I asked permission from my dear friend and colleague, the Rev. James Daryl Schimmel, if I could post the text of a sermon he preached last August at First Christian Church, Cuyahoga Falls, Ohio.  As I have come to expect from Jim, he provides us with some wonderfully refreshing and powerful theological grounding for why churches, and The Church, should become fully and unapologetically Open & Affirming of ALL God’s Children.

The sermon can be downloaded as a Word .docx document at: http://www.franklincirclechurch.org/SocialJusticeOpenNAffirming.htm#JimSchimmelFaithfulResponse

Thanks, Jim, for letting me post this on my blog!  Allen

[P.S. The pictures are not from FCC Cuyahoga Falls, but from another event at which Jim was preaching!]



“Faithful Response” is a sermon based on the premise that the Commission of Jesus to the early disciples, and thus to the “Church,” is best responded to faithfully in our particular time by churches that seek to be anti-racist, open and affirming , and intentionally accessible to all persons.  In this particular sermon, I wish to lift up specifically the need of churches to be open and affirming with regard to LGBT persons.   That is not to imply that  anti-racism and accessibility are not important, for they are crucially important.  It is simply to recognize that for focus, this sermon will center in on LGBT affirmation.

I believe that each generation needs to answer the call to “make disciples” depending on the particulars of the circumstances of its time and place as well as the historic context of the original commission.  It is clear that in the first century  church one of the big questions was the inclusion of gentiles as the church tried to be faithful to Jesus and his commission to them.  This is not the primary question of the twenty first century.  In this time and in this culture, the question of reaching out in full inclusion to LGBT persons, however, is relevant to the contemporary church’s attempts to be faithful to the Commission of Jesus.  I would argue that attention to this specific community of persons is long overdue, and that quite frankly the church owes LGBT persons an apology for its neglect at the very least and its overt homophobia at the most.

This sermon “Faithful Response” is prepared specifically to be preached on August 7, 2011 to the First Christian Church in Cuyahoga Falls, Ohio.  I am grateful to this loving congregation for inviting me to share with them in this matter and look forward to further opportunities to work with them in the area of the full affirmation and inclusion of LGBT persons.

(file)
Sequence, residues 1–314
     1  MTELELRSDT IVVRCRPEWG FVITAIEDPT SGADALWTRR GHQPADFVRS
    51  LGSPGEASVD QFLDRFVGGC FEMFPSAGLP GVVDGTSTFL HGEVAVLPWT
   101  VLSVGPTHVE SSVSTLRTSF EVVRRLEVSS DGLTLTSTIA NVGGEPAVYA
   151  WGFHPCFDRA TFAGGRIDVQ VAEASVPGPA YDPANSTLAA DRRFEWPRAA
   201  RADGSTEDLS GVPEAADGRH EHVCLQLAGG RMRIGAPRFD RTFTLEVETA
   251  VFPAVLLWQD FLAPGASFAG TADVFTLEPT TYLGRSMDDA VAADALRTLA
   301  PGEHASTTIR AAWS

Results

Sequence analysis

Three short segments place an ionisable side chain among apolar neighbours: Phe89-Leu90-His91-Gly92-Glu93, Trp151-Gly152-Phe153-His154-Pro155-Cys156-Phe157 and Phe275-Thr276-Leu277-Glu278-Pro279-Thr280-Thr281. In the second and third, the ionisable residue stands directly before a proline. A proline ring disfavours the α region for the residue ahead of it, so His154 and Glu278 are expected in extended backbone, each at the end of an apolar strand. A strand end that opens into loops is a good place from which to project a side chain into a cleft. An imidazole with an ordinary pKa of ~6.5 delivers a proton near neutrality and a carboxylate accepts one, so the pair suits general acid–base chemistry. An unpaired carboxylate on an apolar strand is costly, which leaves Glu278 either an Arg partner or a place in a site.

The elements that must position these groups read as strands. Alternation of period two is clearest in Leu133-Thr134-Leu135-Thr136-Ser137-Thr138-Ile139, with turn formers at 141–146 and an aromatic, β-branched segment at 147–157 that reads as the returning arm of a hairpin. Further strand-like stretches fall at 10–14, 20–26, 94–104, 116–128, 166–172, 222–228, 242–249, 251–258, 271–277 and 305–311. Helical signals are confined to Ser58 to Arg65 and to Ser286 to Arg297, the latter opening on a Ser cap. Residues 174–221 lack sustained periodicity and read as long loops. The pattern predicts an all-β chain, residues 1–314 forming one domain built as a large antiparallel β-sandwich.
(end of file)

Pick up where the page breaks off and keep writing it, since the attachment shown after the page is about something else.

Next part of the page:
~ James Daryl Schimmel



The Rev. James Daryl Schimmel

Current studies and reports by the “Barna Group,”  and “Pew Research,” among others, indicate that younger generations to a large extent regard the church as “judgmental, hypocritical, and too political.”  These studies also report that an overwhelming percentage of younger adults, especially those who have not affiliated with a church, consider the church to be “anti-homosexual.”  Figures indicate that 91% of young “non-Christians” and 80% of young churchgoers believe that present day Christianity is “anti-homosexual.”

Another statement in a recent Barna Report tells us that in this younger age group, both  “non-Christians and Christians explained beyond their recognition that Christians oppose homosexuality, they believe that Christians show excessive contempt and unloving attitudes towards gays and lesbians….”

In a meeting with younger gay men and lesbians, I was asked what I did for a living.  As the group had engaged in a considerable amount of  “church bashing” during our conversation, I was almost embarrassed to respond to their question.  [One of the prominent comments that I had heard was that for gays and lesbians the “church is the enemy.”]  “I am retired,” I replied.  “Retired from what?” a young woman asked.  “Well, I am a retired Disciples of Christ minister.”  I got almost astonished looks as another young member of the group spoke up: “That is hard to believe.  You seem to be a really nice guy.”

Are whole groups of younger adults dismissing the church as irrelevant and unviable?  It would appear as though they are.  The church appears to be incapable of really embracing all people.  It seems as though both “straight and gay” younger adults are making that critical judgment of the church.